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Hard Times: How Hard Water Impacts Your Hair & How To Stop It — Shop Now

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Source: Getty Images

May 19 2022, Published 3:08 p.m. ET

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Amid all of the tips, tricks and products promising to perfectly moisturize and smooth our tresses, it seems we may have overlooked a key component in our quest to make every hair day a good hair day — our water.

For years, experts have touted the importance of water hardness — a.k.a the amount of minerals in our water — when it comes to the health of our strands. While we may directly see the negative impact of mineral-rich water through that icky, white buildup in our tea kettles and showers, does water hardness actually make a difference when it comes to our hair? The answer, according to several experts, is a resounding yes.

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Source: @marcmena/Instagram

"While your hair is wet, the minerals from hard water can penetrate your strands and crystallize as your hair dries," hairstylist Devin Toth explained to Byrdie. "The crystallization creates a cast that prevents moisture from getting in or out of your hair."

But it's not just moisture. According to Marc Mena, a celebrity hairdresser who has worked with stars like Mindy Kaling and Madelaine Petsch, this type of water is "problematic for all hair types," and everyone, "regardless" of their "natural hair texture," will experience these negative affects.

"Hard water and well water can negatively affect both the color and texture of your hair," the stylist told Insider back in 2018. "It causes color fading and dryness, which leads to frizz because of the excess mineral buildup in hair."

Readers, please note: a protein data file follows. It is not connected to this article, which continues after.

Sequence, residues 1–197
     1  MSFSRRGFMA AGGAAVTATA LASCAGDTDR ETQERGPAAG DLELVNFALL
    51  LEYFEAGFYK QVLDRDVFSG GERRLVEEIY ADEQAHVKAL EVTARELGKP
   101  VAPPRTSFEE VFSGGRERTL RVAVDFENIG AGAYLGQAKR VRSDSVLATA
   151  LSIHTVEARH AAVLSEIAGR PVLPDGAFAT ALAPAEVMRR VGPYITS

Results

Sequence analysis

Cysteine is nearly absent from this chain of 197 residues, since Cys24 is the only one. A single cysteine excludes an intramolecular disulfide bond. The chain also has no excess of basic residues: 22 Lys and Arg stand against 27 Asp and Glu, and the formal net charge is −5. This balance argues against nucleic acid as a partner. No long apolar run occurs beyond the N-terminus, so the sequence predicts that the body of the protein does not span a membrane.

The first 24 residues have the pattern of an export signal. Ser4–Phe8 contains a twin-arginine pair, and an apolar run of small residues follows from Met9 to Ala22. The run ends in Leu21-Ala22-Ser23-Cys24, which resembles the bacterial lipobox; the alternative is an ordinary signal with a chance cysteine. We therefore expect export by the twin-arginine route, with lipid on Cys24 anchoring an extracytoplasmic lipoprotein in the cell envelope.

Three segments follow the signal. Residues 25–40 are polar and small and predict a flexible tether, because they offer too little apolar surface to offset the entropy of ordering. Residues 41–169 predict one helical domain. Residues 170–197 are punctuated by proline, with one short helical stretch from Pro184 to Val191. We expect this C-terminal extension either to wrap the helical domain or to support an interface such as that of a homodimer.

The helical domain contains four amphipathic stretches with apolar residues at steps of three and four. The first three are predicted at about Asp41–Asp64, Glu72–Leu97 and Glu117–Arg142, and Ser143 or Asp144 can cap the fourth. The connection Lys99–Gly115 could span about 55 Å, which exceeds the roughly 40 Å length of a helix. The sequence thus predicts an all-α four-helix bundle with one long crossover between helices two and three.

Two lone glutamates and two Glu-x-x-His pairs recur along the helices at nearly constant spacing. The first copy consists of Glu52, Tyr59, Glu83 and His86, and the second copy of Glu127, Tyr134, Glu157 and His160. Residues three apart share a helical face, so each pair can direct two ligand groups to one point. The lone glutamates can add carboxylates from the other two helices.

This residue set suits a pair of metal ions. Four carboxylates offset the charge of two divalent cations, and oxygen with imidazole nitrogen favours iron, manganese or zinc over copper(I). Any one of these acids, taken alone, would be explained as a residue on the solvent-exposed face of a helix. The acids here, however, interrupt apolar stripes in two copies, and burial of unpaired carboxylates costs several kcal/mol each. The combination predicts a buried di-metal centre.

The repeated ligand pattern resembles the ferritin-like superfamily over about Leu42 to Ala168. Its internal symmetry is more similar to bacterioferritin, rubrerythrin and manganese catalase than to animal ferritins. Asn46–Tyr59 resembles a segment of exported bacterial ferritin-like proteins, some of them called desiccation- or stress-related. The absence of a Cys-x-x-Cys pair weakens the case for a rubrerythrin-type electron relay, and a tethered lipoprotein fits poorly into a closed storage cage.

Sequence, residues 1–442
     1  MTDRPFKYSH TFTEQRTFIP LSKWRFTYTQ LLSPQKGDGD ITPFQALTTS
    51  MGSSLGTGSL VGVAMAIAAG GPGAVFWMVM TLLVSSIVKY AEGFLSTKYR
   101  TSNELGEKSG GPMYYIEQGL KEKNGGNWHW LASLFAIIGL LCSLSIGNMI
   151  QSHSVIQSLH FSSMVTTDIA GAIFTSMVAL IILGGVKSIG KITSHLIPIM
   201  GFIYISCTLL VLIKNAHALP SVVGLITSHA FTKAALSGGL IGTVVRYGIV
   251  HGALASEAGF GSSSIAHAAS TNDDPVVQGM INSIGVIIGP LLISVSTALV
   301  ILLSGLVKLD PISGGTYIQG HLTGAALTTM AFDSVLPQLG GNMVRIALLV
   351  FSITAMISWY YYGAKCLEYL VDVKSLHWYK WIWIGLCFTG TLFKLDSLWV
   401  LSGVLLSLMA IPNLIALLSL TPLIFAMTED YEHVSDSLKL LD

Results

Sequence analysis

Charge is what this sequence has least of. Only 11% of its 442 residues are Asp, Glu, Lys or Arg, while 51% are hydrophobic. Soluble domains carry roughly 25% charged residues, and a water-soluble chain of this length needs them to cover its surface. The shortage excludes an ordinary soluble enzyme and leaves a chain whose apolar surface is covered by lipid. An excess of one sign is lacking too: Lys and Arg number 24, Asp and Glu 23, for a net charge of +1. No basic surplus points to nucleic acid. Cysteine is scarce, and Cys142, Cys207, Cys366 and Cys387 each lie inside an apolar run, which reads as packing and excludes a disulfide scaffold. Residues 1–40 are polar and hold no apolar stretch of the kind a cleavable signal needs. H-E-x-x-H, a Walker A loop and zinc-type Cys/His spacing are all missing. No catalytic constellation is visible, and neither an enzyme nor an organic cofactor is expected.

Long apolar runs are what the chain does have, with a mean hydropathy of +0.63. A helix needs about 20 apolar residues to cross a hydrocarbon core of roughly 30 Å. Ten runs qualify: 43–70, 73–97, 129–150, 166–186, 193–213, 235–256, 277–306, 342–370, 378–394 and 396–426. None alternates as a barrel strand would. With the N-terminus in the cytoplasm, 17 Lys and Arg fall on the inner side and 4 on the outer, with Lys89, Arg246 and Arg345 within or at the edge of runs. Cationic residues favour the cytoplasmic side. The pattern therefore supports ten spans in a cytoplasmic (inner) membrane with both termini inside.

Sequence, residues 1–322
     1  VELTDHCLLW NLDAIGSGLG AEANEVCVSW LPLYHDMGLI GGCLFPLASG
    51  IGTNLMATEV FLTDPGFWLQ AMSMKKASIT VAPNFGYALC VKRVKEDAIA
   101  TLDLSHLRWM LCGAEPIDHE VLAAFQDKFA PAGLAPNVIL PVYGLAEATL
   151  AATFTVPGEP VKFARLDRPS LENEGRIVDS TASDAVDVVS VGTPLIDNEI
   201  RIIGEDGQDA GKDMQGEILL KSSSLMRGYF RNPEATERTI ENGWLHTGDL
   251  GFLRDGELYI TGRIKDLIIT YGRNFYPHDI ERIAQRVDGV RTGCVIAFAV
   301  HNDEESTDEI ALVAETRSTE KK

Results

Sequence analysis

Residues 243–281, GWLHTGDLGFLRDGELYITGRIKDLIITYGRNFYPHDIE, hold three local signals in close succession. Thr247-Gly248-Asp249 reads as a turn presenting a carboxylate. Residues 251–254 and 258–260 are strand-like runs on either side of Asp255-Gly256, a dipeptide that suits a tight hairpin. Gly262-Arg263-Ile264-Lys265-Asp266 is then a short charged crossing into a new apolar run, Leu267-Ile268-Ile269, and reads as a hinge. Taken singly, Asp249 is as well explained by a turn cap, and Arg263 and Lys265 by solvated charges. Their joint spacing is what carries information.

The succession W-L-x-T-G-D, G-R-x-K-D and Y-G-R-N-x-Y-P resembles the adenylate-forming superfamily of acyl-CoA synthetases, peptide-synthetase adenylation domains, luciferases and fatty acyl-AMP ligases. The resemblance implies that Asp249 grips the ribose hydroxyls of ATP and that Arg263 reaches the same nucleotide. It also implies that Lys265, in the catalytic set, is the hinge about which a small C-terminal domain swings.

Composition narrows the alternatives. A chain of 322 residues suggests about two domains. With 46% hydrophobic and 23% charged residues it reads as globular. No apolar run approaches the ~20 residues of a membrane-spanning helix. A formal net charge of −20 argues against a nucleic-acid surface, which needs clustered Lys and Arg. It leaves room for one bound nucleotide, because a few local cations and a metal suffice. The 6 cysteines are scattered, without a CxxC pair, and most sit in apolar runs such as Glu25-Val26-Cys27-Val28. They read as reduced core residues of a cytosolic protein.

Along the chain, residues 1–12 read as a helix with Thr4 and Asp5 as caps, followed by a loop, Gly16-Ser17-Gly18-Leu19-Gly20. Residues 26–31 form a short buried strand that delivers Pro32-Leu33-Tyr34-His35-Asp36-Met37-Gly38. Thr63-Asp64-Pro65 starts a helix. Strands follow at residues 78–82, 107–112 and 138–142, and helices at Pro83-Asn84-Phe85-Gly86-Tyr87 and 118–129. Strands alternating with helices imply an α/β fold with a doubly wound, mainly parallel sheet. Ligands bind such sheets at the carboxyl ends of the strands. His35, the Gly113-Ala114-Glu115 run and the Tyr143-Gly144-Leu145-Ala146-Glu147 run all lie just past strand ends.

But before you pack your bags and start Googling places with soft water (we hear Seattle is great in the spring!) it seems there is a solution beyond uprooting your life for the sake of your roots — shower head attachments.

As Mena noted, these attachments "won't fully prevent hard water build-up," but they "will help diminish the effects."

"There are some great shower head filtration systems that you can use," the stylist explained.

Although it may not entirely solve the issue, George Luke, who founded the website mrwatergeek.com, told The Strategist that shower-filter users enjoy "softer hair and skin, hair color that lasts longer and is better able to maintain its gloss and shine."

Source: @traceycunningham/Instagram

Meanwhile, celebrity stylist Tracey Cunningham told CNN her go-to showerhead is the T3 Source Showerhead — an addition that ranks among her hair must-haves. ​​ "Install it in your shower to prevent tap water minerals from messing with your hair color and texture," she advised.

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Source: Amazon

AquaHomeGroup's Luxury Filtered Shower Head retails for $54.85 at amazon.com.

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Source: Dermastore

T3's Source Showerhead retails for $150 at dermastore.com.

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